How Is Prostate Cancer Treated?
Different types of treatment are available for prostate cancer. You and your doctor will decide which treatment is right for you. Some common treatments are—
- Active surveillance. Closely monitoring the prostate cancer by performing prostate specific antigen (PSA) and digital rectal exam (DRE) tests regularly, and treating the cancer only if it grows or causes symptoms.
- Surgery. A prostatectomy is an operation where doctors remove the prostate. Radical prostatectomy removes the prostate as well as the surrounding tissue.
- Radiation therapy. Using high-energy rays (similar to X-rays) to kill the cancer. There are two types of radiation therapy—
- External radiation therapy. A machine outside the body directs radiation at the cancer cells.
- Internal radiation therapy (brachytherapy). Radioactive seeds or pellets are surgically placed into or near the cancer to destroy the cancer cells.
- Hormone therapy. Blocks cancer cells from getting the hormones they need to grow.
Other therapies used in the treatment of prostate cancer that are still under investigation include—
- Cryotherapy. Placing a special probe inside or near the prostate cancer to freeze and kill the cancer cells.
- Chemotherapy. Using special drugs to shrink or kill the cancer. The drugs can be pills you take or medicines given through your veins, or, sometimes, both.
- Biological therapy. Works with your body's immune system to help it fight cancer or to control side effects from other cancer treatments. Side effects are how your body reacts to drugs or other treatments.
- High-intensity focused ultrasound. This therapy directs high-energy sound waves (ultrasound) at the cancer to kill cancer cells.
For more information, visit the National Cancer Institute's (NCI's) Prostate Cancer Treatment Option Overview. This site can also help you find a doctor or treatment facility that works in cancer care. Visit Facing Forward: Life After Cancer Treatment for more information about treatment and links that can help with treatment choices.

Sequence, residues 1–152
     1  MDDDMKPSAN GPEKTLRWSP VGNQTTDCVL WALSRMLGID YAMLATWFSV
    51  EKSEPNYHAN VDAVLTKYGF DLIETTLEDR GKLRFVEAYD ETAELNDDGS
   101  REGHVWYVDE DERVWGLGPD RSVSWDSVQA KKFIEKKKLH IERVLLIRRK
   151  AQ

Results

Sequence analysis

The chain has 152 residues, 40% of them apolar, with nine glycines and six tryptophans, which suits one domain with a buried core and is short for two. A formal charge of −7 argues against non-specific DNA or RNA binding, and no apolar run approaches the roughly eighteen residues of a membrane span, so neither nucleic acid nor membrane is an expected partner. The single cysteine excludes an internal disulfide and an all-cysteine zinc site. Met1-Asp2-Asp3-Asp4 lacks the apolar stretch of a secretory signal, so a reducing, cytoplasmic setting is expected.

Clinical trials use new treatment options to see if they are safe and effective. If you have cancer, you may want to take part. Visit the sites listed below for more information.
- NIH Clinical Research Trials and You (National Institutes of Health)
- Learn About Clinical Trials (National Cancer Institute)
- Search for Clinical Trials (National Cancer Institute)
- ClinicalTrials.gov (National Institutes of Health)
Complementary and alternative medicine are medicines and health practices that are not standard cancer treatments. Complementary medicine is used in addition to standard treatments, and alternative medicine is used instead of standard treatments. Meditation, yoga, and supplements like vitamins and herbs are some examples.
Many kinds of complementary and alternative medicine have not been tested scientifically and may not be safe. Talk to your doctor before you start any kind of complementary or alternative medicine.
Choosing the treatment that is right for you may be hard. Talk to your cancer doctor about the treatment options available for your type and stage of cancer. Your doctor can explain the risks and benefits of each treatment and their side effects.
Sometimes people get an opinion from more than one cancer doctor. This is called a "second opinion." Getting a second opinion may help you choose the treatment that is right for you.
- Centers for Disease Control and Prevention
Division of Cancer Prevention and Control
4770 Buford Hwy NE
Atlanta, GA 30341
TTY: (888) 232-6348
- Contact CDC-INFO